I come not to bury C++, but to praise it...

Derek none at none.com
Wed Jan 14 19:02:50 CET 2004


"Jp Calderone" wrote:
> > I also use C++ and Python as my main languages and I
> > agree with your comments.  However, I don't agree that
> > Python is inherently "safer" than C++.  At best I see
> > it as a tie.  For example, C++ let's you corrupt memory
> > among other "unsafe" things, most of which can be avoided
> > by using standard containers, smart pointers, etc.
> > Python lets you do "unsafe" things such as passing an
> > object to a function when it makes no sense to do so,
> > which can lead to nasty runtime surprises.
>
>   A traceback is *much* less nasty than memory corruption.
> One stops the program immediately and shows you exactly
> where the problem lies, the other may let the program run
> for quite a long time before simply causing the process to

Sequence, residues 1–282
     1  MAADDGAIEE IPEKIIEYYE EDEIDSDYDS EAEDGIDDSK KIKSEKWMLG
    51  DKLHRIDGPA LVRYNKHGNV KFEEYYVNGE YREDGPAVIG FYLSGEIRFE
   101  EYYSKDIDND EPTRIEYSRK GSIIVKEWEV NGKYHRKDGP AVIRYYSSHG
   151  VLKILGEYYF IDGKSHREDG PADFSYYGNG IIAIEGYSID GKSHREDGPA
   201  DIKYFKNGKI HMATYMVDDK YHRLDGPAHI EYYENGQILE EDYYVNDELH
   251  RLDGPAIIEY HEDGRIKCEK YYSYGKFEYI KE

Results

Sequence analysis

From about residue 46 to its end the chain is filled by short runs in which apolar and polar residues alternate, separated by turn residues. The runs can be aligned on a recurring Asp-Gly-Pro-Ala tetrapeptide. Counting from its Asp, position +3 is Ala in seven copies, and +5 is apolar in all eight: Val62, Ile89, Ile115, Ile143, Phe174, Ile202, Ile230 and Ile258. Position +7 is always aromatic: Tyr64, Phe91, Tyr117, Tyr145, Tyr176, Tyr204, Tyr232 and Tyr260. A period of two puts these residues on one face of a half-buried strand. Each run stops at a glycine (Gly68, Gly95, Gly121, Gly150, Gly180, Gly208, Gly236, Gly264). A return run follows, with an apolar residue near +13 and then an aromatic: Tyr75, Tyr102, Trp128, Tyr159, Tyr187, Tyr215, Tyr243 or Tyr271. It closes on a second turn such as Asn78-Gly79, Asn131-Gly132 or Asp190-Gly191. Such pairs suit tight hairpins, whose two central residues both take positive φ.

> die, leaving few clues as to the source of the problem.
>
>   Python may not be *completely* safe (indeed, memory
> corruption is still possible due to bugs in the interpreter
> and extension modules), but it is quite a bit safer than
> C++.

Maybe I didn't make myself clear.  I counted the ease with which
memory can be corrupted in C++ as a minus for C++ and a plus for
Python.  I agree with you.

On the flip side, C++ can catch errors immediately that Python will
not complain about until runtime, and in this imperfect world tests
may not catch all such errors up front.  In this respect I consider
C++ safer.





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